Astute businessman and comedian Byron Allen has gained support in his ongoing court battle against Comcast from rapper and activist Michael “Killer Mike” Render and The National Association for the Advancement of Colored People (NAACP). Both the outspoken hip-hop activist and civil rights group are urging black people to stand with Allen in his $20 billion racial discrimination lawsuit against Comcast, which will be heard in the Supreme Court Nov. 13. Allen also has a similar $10 billion suit against Charter Communications.
Byron filed the multibillion suits back in 2015 and 2016, arguing that Comcast and Charter violated the Civil Rights Act after he unsuccessfully tried for years to get the cable systems to carry his networks, Entertainment Studios, which were available through rival distributors, including Verizon, Dish, and AT&T’s DirecTV. Both Comcast and Charter, however, assert that race was not a factor in their refusal to carry stations under Allen’s production company.
In response to the legal battle, the NAACP released the following statement backing Allen.
In several weeks, the Supreme Court will hear one of the most important civil rights cases to come before it this term. Comcast – the second largest broadcasting and cable television company in the world – is poised to take an unprecedented step. Because of a dispute with a Black businessman, the company has urged the Supreme Court to roll back the crucial protections of one of the nation’s oldest civil rights laws, Section 1981 of the Civil Rights Act of 1866.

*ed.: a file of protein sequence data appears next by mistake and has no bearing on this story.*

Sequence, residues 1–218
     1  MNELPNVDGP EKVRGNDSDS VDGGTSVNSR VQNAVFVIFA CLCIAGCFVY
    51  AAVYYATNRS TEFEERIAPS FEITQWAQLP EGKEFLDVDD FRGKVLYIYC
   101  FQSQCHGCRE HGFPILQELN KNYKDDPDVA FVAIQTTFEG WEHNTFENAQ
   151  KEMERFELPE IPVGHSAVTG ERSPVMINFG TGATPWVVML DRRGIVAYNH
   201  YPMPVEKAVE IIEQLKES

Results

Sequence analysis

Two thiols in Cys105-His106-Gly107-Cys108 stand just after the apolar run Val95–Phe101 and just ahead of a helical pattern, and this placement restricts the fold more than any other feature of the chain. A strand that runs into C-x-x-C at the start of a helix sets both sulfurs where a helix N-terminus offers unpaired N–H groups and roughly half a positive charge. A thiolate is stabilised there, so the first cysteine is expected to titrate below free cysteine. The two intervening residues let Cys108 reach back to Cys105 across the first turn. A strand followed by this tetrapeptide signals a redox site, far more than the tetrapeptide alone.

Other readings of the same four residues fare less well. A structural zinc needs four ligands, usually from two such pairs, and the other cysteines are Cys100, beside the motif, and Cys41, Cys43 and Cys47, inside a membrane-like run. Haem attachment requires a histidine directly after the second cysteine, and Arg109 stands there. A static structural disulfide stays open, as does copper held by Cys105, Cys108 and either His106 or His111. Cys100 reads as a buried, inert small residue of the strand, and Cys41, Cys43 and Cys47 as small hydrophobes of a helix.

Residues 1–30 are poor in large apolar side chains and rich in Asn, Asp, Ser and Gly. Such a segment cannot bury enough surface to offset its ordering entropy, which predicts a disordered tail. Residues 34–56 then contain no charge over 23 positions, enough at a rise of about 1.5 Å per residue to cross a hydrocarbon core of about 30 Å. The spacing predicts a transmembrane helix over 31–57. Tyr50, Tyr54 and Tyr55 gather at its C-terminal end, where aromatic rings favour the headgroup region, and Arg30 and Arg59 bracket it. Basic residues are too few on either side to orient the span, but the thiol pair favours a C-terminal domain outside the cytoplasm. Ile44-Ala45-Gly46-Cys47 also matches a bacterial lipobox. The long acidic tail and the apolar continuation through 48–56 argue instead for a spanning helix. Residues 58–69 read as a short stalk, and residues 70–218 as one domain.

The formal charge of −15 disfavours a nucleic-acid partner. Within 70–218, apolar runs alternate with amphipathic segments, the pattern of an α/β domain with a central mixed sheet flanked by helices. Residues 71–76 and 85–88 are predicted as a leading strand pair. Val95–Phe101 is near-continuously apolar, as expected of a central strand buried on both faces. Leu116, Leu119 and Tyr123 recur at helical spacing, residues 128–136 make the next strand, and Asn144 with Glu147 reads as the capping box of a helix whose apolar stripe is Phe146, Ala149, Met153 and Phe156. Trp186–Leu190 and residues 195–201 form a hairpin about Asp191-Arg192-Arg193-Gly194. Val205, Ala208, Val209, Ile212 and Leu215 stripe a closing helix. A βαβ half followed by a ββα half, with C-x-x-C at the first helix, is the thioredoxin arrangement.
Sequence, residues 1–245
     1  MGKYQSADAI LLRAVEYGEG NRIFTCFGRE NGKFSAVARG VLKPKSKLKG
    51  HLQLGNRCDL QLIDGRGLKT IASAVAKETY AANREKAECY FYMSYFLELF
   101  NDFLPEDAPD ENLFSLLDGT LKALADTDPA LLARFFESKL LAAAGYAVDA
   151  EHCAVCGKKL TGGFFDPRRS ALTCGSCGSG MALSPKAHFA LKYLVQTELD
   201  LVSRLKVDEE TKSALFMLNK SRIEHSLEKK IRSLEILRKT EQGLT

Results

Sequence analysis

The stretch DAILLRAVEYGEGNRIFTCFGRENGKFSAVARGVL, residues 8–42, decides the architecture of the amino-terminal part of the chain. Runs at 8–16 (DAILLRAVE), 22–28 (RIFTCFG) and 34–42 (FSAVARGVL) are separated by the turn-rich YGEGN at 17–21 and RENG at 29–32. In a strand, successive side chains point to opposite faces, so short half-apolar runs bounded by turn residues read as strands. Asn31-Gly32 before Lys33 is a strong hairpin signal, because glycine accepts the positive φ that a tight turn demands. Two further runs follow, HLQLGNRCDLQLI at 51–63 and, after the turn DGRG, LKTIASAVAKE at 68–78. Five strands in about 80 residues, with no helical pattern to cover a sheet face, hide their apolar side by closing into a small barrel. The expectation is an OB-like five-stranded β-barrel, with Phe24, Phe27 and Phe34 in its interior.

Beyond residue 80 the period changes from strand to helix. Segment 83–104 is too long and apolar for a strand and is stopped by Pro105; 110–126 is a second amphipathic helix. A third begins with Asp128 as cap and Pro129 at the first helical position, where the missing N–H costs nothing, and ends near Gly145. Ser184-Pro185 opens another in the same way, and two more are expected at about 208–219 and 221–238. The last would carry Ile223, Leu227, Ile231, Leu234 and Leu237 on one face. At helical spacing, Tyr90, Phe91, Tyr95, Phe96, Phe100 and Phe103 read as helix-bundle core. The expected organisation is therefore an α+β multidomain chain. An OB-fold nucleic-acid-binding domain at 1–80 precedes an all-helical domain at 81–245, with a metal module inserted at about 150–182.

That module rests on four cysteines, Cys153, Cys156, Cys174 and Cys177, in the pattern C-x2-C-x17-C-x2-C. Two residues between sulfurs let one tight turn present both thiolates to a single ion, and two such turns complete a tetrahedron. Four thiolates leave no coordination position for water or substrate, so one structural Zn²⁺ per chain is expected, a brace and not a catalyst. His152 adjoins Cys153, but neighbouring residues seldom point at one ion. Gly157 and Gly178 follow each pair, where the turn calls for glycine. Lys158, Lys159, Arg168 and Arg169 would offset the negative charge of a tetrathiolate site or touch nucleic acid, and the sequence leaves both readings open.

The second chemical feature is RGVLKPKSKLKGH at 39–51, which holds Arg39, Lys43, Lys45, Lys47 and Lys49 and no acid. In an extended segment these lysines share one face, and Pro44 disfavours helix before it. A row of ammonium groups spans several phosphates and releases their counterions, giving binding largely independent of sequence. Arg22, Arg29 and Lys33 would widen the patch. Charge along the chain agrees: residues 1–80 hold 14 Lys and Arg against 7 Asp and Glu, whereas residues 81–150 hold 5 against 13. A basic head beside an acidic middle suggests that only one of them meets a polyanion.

For more than a century, Section 1981 has been used as an important tool to combat race discrimination, particularly for employment discrimination claimants. Throughout the NAACP’s history, standard-bearers of justice like Thurgood Marshall have harnessed the power of Section 1981 to fight various forms of discrimination. Yet now, in a situation that has become all too familiar during this era, an upcoming Supreme Court decision has the potential to reject these lessons of history by rolling back the clock on basic civil rights.
Although the NAACP takes no position on the underlying dispute, we have decided to take the lead on this issue. We urge Comcast to cease its attack on Section 1981 of the Civil Rights Act of 1866; a bedrock civil rights statute that has been in place for more than 150 years.
Killer Mike is also calling for people of color to rally behind the business leader.
“I’ve watched Byron Allen and how he works since I was a kid. I love his TV shows and how he eventually started programming shows in those late-night slots. He would purchase the time slots that used to be for infomercials, turn around and sell those ads for his shows. Genius!” he said in an exclusive interview with The Grio, a news site owned by Entertainment Studios.
“If Allen is playing fair, and he has the capacity to produce quality programming, why would they not allow him space at Comcast? You can’t say people are not interested—everyone needs the weather,” Killer Mike added in reference to Allen’s acquisition of The Weather Channel.
Killer Mike also expressed his concern on Twitter.
Thanks @tonetalks for informing me about the plight and genius of #ByronAllen. All black folk shud be standing in solidarity with Brother Byron in his fight vs Comcast! Y’all read and lemme know ya thoughts https://t.co/SmF3IUlNIe
— Killer Mike (@KillerMike) September 25, 2019